Eye For Film >> Movies >> The Queen Of Spades (1949) Film Review
With the likes of James Cameron spending over a decade just to make it through the planning stages for a film, it seems incredible that Thorold Dickinson stepped up to the directorial plate for The Queen Of Spades just five and a bit days before shooting was to start. Even more surprising is that the end result is so very good - in terms not only of its story and acting, but also with regard to its technical complexity.
Set in early 1800s Russia, despite being billed as a supernatural drama, this is really a straightforward melodrama for its first two-thirds. Don't let this put you off, though, ghostly rattlings do occur eventually and, in the meantime, this is a solidly told tale of one man's desire for all-consuming wealth. Anton Walbrook is the ice-cold cad, Suvorin, at the centre of the piece. An engineers' captain, he is looked down upon by many of his fellow officers - who come from an altogether more landed class. This has led to a deep-seated envy and so, when he becomes privy to the tale of the rich Countess Ranevskaya (Edith Evans in her first major film role), whom he hears made her fortune at cards via a pact with the devil, he is determined to learn her secret for himself. So he begins to woo the Countess's ward Lizaveta (Yvonne Mitchell, also in her screen debut), who has little idea that she's just another card in the game.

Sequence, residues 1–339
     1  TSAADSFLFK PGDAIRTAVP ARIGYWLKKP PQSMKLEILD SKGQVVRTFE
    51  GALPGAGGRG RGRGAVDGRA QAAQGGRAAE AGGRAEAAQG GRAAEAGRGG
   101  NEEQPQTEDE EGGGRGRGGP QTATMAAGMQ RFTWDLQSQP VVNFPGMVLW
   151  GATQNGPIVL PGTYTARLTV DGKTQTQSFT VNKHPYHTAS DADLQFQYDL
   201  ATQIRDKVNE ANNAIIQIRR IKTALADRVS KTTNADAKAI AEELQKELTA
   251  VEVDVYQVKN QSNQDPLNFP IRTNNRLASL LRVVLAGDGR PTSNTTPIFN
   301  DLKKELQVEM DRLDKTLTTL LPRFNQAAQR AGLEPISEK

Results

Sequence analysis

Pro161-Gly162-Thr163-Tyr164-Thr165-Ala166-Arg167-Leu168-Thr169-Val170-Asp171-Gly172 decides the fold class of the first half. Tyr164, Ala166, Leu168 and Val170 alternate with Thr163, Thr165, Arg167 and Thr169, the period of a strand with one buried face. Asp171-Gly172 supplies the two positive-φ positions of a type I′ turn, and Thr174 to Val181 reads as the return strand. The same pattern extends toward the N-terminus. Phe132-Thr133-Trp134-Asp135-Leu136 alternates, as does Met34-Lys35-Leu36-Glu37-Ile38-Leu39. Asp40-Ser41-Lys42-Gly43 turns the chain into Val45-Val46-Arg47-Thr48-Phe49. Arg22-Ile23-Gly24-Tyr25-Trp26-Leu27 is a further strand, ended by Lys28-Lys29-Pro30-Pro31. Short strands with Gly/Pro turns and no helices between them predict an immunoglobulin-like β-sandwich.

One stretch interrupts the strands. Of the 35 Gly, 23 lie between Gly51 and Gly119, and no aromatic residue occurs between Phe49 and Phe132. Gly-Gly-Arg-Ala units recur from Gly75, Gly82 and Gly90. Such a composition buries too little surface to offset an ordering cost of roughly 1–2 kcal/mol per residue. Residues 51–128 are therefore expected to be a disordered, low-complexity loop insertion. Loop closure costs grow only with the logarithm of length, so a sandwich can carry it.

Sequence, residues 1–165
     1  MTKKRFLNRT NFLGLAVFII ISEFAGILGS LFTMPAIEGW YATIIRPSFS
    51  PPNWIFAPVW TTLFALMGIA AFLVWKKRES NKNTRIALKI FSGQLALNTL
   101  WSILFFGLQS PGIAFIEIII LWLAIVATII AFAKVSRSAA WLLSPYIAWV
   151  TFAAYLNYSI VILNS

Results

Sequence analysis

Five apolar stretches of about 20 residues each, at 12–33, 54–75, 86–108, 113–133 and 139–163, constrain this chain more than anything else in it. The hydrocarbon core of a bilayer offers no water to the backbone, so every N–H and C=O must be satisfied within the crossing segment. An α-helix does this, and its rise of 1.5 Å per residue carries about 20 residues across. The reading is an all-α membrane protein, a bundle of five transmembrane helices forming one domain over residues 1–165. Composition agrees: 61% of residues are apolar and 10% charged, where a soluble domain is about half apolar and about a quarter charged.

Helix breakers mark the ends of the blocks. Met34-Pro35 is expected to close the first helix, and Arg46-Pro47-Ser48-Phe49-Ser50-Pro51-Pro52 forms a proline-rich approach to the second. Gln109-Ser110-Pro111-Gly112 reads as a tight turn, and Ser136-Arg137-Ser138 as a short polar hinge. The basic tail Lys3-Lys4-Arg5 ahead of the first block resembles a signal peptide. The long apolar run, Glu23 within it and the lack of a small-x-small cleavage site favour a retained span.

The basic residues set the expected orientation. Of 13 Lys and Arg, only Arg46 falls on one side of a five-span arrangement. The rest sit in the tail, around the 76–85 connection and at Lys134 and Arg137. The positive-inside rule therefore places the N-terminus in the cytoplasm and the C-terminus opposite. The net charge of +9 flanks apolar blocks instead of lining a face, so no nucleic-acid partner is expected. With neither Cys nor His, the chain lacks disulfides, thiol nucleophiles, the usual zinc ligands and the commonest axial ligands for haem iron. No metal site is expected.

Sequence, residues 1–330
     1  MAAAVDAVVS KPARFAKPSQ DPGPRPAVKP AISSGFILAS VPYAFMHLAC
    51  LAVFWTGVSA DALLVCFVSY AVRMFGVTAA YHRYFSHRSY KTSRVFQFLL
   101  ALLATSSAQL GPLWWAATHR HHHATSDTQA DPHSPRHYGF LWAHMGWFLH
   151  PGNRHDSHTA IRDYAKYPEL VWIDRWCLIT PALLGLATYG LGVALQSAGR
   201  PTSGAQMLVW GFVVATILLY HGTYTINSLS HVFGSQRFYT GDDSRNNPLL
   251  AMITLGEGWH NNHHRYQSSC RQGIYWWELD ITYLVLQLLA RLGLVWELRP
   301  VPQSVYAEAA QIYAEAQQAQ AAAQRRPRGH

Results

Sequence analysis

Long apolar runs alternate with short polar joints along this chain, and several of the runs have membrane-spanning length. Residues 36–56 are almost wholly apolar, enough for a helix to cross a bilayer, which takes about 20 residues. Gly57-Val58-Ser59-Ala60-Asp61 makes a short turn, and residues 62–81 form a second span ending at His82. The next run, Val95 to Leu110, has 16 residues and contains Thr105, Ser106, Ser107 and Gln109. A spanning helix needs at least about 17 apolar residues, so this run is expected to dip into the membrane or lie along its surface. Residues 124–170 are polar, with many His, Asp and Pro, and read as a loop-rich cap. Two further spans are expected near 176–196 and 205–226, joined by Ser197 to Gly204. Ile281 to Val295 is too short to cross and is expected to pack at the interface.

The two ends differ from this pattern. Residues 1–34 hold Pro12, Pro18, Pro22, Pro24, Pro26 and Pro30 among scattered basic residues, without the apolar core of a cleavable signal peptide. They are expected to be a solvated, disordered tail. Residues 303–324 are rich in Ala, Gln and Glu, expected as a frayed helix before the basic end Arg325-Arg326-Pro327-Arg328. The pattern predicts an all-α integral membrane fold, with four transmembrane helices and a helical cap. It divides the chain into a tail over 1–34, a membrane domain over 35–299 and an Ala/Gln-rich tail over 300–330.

Thanks to a loving restoration, the film's beautiful cinematography can be seen in all its glory. The use of light and shade recalls films of the silent era, particularly the German expressionism of Max Ophuls and Fritz Lang, the echoes of whose megalomaniac Dr Mabuse are also clearly evident in the character of Suvorin. This use of shadow adds a deepening menace to the action, perfectly mirrored by Walbrook's commanding performance as the obsessed captain as he tempers the stylistic fervour of silent-film style melodramatics with a steely determination. Evans is also mesmeric as the Countess - a role that prefigures her equally excellent performance as Lady Bracknell three years later. It's true that Mitchell fades into the background somewhat by comparison, but this is a minor grumble and has more to do with the weakness of her character compared to those around her than with her acting itself.
Although the film's look is striking, mention must also be made of the innovative use of sound to ramp up the tension once the hauntings begin. Dickinson and his technical team cleverly marry up the age-old device of things that go bump in the night with a wall of sound created, in part, by a reversed recording of a jet engine taking off and news recordings of bomb blasts during the Blitz. Deliciously dark and still able to make audiences jump 60 years after it was created, this is a black-and-white gem that truly deserves to be hailed as a 'lost classic'. Find it a place in your DVD collection.Reviewed on: 15 Jan 2010
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